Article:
HARRISBURG – The Senate sent the governor a bill Monday to expand the availability of job training programs protect against improper school closures and help create a better system to maintain student records, and provide schools the ability to provide more institutional aid to students, according to Senate Majority Leader Jake Corman (R-34).
“This action will expand the economic opportunities available to students and employers,” Corman said. “Trade schools and career and technical colleges play a critical role by allowing the workforce to keep pace with our ever-changing economy.
“This bill will encourage our best schools to open more campuses in order to serve more students without first having to climb a mountain of red tape.”
Senate Bill 456 would allow Private Licensed Schools, such as career and technical colleges and trade schools, to open a branch campus in a neighboring county or any other location within 60 miles of the main campus.
Under current law, schools can only establish a branch campus in the same county as the primary campus. Schools that want to open a second campus in a different county must go through the costly and time-consuming process of securing another independent license for a second, out-of-county location.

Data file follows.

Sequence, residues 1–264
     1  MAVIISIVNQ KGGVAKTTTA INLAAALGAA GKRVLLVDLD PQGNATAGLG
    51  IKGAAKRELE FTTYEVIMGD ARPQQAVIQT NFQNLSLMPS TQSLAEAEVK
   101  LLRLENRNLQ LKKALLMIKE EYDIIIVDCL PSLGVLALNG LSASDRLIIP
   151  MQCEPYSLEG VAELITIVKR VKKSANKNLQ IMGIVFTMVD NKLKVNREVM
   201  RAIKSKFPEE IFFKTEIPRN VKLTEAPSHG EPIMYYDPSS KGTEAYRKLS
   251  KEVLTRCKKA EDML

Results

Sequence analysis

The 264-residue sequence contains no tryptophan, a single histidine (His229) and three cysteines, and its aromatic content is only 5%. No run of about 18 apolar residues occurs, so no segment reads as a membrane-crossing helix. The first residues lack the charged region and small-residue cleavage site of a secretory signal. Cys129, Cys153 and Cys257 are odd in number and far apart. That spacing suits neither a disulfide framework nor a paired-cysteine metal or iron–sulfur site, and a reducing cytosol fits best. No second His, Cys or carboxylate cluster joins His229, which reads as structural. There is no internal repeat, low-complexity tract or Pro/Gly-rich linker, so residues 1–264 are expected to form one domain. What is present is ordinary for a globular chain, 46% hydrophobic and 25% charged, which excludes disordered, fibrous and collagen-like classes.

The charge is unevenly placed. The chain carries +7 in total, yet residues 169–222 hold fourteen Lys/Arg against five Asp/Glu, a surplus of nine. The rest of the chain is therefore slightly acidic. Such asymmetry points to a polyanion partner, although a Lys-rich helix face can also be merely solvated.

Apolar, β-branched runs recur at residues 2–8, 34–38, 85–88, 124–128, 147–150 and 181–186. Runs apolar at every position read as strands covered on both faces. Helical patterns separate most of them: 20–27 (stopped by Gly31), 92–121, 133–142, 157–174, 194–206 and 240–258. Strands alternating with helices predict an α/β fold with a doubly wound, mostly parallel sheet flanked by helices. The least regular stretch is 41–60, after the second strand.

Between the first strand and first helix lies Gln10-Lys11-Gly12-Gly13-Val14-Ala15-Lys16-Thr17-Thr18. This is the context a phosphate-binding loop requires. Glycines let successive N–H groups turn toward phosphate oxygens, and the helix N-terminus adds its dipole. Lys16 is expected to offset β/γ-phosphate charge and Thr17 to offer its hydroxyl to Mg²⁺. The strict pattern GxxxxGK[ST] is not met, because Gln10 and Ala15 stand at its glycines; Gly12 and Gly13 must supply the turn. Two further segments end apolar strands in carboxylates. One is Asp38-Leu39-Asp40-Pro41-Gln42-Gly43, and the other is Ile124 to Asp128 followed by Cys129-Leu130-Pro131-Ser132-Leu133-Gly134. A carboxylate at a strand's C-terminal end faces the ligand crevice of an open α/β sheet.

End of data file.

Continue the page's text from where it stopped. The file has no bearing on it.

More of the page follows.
The bill would also protect students against improper closures of schools. The bill would require any potential school closures to be completed with proper notice to students, accreditors and the state, while also providing for a full teach-out, transfer and education succession plan for all enrolled students.
In addition, the legislation will help create a better system to house, maintain and locate student records from these institutions.
A centralized repository of records would be created within the state Department of Education to ensure student records are maintained in the case of a school closure or transfer.
Under previous law, schools that close were required to transmit records to another school with little oversight from the state.
Senate Bill 456 also gives schools the ability to provide direct institutional grants to students. In current practice, privately licensed career and technical schools lack the authority to provide many innovative institutional grants that could help students.
As a result, they have to rely on third-party non-profit organizations to provide grants, resulting in higher administrative fees, more red tape and less financial aid available for students.
The bill has been approved by both the Senate and the House of Representatives and was sent to the governor to be signed into law.